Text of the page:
- Workers’ Compensation: We may disclose PHI about you to comply with the states’ Workers’ Compensation Law.
- Persons involved in your care: We may provide PHI about you to someone who helps pay for your care. We may use or disclose your PHI to notify or assist in notifying your family in an emergency, personal representative or any other person responsible for your care of your location, general condition or death. We may also use or disclose your health information to an entity assisting in disaster relief effort and to coordinate uses and disclosures for this purpose to family or other individuals involved in your care. And, if you are not in an emergency situation but are unable to make healthcare decisions, we will disclose your PHI to: (a) a person designated to participate in your care in accordance with an advance directive validly executed under state law; (b) your guardian or other fiduciary if one has been appointment by court; (c) the state agency responsible for consenting to your care.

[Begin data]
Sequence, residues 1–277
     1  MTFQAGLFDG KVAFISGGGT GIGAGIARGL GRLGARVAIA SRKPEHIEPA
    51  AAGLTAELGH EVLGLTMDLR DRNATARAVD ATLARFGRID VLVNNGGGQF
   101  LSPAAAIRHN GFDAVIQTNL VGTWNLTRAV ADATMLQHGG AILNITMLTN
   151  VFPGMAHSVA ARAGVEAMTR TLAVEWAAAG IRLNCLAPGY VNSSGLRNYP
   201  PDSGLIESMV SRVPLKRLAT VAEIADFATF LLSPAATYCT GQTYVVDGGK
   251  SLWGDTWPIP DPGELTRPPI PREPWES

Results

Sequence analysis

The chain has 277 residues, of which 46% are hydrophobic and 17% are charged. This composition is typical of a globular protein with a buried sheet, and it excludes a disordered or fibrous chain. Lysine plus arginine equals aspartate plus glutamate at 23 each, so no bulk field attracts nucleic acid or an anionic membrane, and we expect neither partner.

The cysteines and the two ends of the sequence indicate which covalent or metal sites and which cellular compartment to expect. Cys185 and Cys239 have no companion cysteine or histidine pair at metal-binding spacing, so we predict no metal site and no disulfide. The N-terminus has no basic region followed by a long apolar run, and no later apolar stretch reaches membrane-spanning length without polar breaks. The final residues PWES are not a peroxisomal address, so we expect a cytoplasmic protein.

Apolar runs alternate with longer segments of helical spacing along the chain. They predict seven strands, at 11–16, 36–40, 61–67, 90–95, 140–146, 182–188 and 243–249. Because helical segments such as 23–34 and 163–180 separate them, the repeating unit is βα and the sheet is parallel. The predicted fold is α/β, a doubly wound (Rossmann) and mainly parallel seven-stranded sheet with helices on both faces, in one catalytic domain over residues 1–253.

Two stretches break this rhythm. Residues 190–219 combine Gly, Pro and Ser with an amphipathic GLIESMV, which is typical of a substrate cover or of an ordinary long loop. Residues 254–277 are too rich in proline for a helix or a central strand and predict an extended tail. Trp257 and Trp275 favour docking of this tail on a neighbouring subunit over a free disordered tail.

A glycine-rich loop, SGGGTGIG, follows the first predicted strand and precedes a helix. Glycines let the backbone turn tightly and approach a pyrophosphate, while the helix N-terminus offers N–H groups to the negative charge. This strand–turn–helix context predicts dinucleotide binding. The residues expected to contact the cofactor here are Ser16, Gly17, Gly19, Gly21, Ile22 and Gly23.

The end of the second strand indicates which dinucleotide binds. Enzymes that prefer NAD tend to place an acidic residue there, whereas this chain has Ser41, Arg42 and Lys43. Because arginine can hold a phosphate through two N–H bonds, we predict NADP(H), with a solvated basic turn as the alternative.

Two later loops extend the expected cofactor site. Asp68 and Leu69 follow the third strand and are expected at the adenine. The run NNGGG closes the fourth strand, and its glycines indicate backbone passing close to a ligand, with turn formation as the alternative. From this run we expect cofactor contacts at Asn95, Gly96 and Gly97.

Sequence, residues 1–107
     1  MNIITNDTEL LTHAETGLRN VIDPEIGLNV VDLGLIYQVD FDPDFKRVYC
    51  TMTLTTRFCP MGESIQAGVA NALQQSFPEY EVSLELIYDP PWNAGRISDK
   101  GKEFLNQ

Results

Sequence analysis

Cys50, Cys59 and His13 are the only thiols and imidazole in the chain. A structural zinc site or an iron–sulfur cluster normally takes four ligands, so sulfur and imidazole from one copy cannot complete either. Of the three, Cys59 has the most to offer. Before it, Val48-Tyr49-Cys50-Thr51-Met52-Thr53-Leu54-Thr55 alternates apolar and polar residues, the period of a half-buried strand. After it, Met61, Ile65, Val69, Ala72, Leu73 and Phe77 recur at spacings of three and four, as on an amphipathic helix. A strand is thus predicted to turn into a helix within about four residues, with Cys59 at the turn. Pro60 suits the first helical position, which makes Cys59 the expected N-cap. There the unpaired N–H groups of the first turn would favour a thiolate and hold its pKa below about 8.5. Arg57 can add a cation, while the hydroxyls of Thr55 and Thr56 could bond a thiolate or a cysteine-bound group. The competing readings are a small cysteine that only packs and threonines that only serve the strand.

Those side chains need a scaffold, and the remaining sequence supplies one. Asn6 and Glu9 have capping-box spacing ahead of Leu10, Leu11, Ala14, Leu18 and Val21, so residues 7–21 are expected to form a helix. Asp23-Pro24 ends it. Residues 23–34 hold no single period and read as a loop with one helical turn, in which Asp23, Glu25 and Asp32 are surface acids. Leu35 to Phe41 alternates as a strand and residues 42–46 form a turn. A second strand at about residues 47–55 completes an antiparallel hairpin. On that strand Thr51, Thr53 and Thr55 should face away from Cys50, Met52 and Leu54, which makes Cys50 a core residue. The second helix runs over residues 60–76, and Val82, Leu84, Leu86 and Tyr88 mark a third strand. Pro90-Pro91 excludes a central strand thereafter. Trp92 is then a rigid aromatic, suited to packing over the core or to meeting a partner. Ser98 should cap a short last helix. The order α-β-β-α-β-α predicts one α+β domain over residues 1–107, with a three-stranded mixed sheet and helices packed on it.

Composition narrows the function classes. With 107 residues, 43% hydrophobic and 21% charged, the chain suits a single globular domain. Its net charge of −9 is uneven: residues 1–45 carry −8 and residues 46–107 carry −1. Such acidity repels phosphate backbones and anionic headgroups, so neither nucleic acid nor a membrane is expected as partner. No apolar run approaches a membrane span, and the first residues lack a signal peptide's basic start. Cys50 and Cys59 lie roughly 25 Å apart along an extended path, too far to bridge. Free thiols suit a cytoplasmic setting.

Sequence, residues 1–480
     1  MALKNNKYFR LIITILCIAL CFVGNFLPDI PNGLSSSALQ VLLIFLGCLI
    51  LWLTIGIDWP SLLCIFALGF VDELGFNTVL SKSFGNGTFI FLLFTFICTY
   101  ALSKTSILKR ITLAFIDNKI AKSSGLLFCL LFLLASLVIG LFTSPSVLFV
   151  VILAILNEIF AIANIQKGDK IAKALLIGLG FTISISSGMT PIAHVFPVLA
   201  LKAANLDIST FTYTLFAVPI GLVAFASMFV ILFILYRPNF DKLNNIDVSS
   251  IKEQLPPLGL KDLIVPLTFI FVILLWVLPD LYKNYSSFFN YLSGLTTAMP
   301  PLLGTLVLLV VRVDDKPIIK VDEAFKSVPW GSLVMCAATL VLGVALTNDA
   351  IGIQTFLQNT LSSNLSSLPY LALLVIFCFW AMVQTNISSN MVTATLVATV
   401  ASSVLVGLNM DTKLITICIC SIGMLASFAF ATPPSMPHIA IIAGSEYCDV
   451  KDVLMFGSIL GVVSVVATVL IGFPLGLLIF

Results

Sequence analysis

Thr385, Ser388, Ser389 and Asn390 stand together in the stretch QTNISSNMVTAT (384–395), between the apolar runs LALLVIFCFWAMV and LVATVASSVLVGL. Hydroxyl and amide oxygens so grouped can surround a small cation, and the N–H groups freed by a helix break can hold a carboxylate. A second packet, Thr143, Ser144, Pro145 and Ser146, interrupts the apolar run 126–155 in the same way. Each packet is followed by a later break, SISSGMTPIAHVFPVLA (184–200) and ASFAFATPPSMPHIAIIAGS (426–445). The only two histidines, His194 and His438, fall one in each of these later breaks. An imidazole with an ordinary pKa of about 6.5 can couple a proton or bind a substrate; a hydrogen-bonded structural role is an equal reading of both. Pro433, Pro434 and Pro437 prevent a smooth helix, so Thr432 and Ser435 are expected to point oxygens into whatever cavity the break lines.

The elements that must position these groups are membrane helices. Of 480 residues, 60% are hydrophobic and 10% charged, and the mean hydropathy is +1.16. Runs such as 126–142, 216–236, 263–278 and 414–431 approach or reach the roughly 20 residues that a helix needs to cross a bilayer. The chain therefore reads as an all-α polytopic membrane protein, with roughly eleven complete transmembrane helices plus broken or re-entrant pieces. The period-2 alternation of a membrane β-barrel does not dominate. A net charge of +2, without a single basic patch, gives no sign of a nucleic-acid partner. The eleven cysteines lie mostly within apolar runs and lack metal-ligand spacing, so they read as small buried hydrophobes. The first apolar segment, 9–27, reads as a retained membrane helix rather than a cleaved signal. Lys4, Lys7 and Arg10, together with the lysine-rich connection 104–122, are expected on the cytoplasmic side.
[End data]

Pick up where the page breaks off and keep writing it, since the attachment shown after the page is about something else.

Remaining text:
Confidentiality of Substance Abuse records
For individuals who receive treatment, diagnosis or referral for treatment from drugs or alcohol abuse programs, the confidentiality of drug or alcohol abuse records is protected by federal law and regulations. As a general rule, we may not tell a person outside the program that you attend any of these programs, or disclose any information identifying you as an alcohol or drug abuser, unless:
- You authorize the disclosure in writing
- The disclosure is by court order
- The disclosure is made to medical personnel in a medical emergency or audit or program evaluation purposes
- You threaten to commit a crime either at the drug abuse or alcohol program or against any person who works for our drug abuse or alcohol program
- As required by Federal Confidentiality rules (42 CFR Part 2)
Your rights regarding your health information
A. Your right to inspect and copy: